The shoots, tendrils, and leaves of the plant may also be eaten as greens.

Cultural uses[edit]

India[edit]

Calabash is used in many string instruments in India as a resonator. Instruments that look like guitars are made of wood but they can have a calabash resonator at the end of the strings table called toomba. The sitar, the surbahar, the tanpura (south of India, tambura north of India), may have a toomba. In some cases the toomba may not be functional but if the instrument is large it keeps its place because of its balance function, that is the case of the Saraswati veena. Other instruments like Rudra Veena and vichitra veena have 2 large calabash resonators at both ends of the strings table. The Baul singers of Bengal have their musical instruments made out of calabash. The practice is also common among Buddhist and Jain sages.[17]

These toombas are made of dried calabash gourds, using special cultivars that were originally imported from Africa and Madagascar. They are mostly grown in Bengal and near Miraj, Maharashtra. These gourds are valuable items and they are carefully tended, for example sometimes they are given injections to stop worms and insects from making holes while they are drying, etc.

Hindu ascetics (sadhu) traditionally use a dried gourd vessel called the kamandalu. The juice of bottle gourd is considered to have medicinal properties and to be very good for health.

In parts of India, the dried, unpunctured gourd is used as a float (called surai-kuduvai in Tamil) to learn swimming in rural areas.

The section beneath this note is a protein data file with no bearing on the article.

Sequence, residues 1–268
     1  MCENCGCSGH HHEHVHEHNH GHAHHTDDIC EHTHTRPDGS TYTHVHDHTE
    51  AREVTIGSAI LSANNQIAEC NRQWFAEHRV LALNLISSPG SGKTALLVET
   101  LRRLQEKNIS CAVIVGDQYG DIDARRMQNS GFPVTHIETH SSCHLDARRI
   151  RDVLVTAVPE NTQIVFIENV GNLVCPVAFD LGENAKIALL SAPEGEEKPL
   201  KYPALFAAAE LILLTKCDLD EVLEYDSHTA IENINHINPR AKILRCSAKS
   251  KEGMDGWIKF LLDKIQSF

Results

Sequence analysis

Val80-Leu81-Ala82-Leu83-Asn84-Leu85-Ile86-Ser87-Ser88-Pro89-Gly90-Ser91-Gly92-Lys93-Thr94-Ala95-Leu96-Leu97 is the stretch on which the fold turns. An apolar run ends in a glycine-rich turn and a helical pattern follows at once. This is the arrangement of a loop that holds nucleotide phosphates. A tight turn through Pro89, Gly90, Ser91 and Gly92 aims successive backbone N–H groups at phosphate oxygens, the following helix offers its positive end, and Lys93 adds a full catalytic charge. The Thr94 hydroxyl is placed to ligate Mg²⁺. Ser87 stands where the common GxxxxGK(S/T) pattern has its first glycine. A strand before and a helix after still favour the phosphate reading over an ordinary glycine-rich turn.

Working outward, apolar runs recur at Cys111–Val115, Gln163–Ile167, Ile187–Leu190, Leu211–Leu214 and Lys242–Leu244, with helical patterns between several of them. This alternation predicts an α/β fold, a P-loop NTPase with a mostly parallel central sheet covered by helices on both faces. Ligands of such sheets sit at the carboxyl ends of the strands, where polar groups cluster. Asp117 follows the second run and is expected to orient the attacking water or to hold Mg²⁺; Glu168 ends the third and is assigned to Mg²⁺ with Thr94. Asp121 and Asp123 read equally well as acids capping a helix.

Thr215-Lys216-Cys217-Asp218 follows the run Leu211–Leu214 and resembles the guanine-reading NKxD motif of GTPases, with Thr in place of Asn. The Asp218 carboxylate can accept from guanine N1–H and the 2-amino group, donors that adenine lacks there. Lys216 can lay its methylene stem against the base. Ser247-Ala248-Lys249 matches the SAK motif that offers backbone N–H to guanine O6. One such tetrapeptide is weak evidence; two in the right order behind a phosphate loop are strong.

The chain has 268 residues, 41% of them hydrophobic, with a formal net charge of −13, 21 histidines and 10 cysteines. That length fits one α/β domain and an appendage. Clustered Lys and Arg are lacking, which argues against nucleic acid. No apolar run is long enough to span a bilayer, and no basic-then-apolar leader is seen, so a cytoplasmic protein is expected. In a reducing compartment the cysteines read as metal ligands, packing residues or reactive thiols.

The Caribbean[edit]

Calabash is primarily used for utensils, such as cups, bowls, and basins in rural areas. It can be used for carrying water or can be made for carrying items, such as fish, when fishing. In some Caribbean countries, it is worked, painted and decorated as shoulder bags or other items by artisans, and sold to tourists. In Jamaica, it is also a reference to the natural lifestyle of Rastafarians. As a cup, bowl, or even water-pipe or "bong", the calabash is considered consistent with the "Ital" or vital lifestyle of not using refined products such as table salt, or using modern cooking methods, such as microwaves. In Haiti, the plant is called kalbas kouran, literally "running calabash", and is used to make the sacred rattle emblematic of the Vodou priesthood, called an asson. As such, the plant is highly respected. It is also the national tree of St. Lucia.

Africa[edit]

Calabashes (nkalu in Kikongo) are used to collect and store palm wine in Bandundu Province, Democratic Republic of the Congo

Hollowed out and dried calabashes are a very typical utensil in households across West Africa. They are used to clean rice, carry water, and as food containers. Smaller sizes are used as bowls to drink palm wine.

A Malian kora player with his Kora (Toumani Diabaté).